Humans may be able to build oil rigs and churches, but now there is more evidence than ever that our brains aren't special. Our neocortex - the seat of complex thought - shares many traits with bird brains.
Neocortex-like elements are found in many mammal brains, but now it turns out they are common throughout nature. In a paper published this week in the Proceedings of the National Academy of Sciences, researchers explain what our brains share with chickens. From a release about the paper:
Generally speaking, the brains of mammals have long been presumed to be more highly evolved and developed than the brains of other animals, in part based upon the distinctive structure of the mammalian forebrain and neocortex – a part of the brain's outer layer where complex cognitive functions are centered.
Specifically, the mammalian neocortex features layers of cells (lamination) connected by radially arrayed columns of other cells, forming functional modules characterized by neuronal types and specific connections. Early studies of homologous regions in nonmammalian brains had found no similar arrangement, leading to the presumption that neocortical cells and circuits in mammals were singular in nature.
For 40 years, [neuroscientist Harvey] Karten and colleagues have worked to upend this thinking. In the latest research, they used modern, sophisticated imaging technologies, including a highly sensitive tracer, to map a region of the chicken brain (part of the telencephalon) that is similar to the mammalian auditory cortex. Both regions handle listening duties. They discovered that the avian cortical region was also composed of laminated layers of cells linked by narrow, radial columns of different types of cells with extensive interconnections that form microcircuits that are virtually identical to those found in the mammalian cortex.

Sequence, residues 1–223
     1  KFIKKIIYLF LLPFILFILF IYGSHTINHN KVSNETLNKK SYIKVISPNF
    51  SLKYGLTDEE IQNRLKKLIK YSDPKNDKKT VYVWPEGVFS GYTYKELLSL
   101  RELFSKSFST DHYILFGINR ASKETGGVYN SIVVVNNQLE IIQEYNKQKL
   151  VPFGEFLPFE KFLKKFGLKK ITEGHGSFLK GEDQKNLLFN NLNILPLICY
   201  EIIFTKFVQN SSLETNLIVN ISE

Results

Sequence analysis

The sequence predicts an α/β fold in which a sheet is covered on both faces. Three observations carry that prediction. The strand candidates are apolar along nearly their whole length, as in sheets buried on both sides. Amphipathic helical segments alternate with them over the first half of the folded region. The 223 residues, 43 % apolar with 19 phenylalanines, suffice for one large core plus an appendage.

The findings indicate that laminar and columnar properties of the neocortex are not unique to mammals, and may in fact have evolved from cells and circuits in much more ancient vertebrates.
"The belief that cortical microcircuitry was a unique property of mammalian brains was largely based on the lack of apparent lamination in other species, and the widespread notion that non-mammalian vertebrates were not capable of performing complex cognitive and analytic processing of sensory information like that associated with the neocortex of mammals," said Karten.
"Animals like birds were viewed as lovely automata capable only of stereotyped activity."
But this kind of thinking presented a serious problem for neurobiologists trying to figure out the evolutionary origins of the mammalian cortex, he said. Namely, where did all of that complex circuitry come from and when did it first evolve?
Karten's research supplies the beginnings of an answer: From an ancestor common to both mammals and birds that dates back at least 300 million years.
Birds have complicated thoughts, too.
via UC San Diego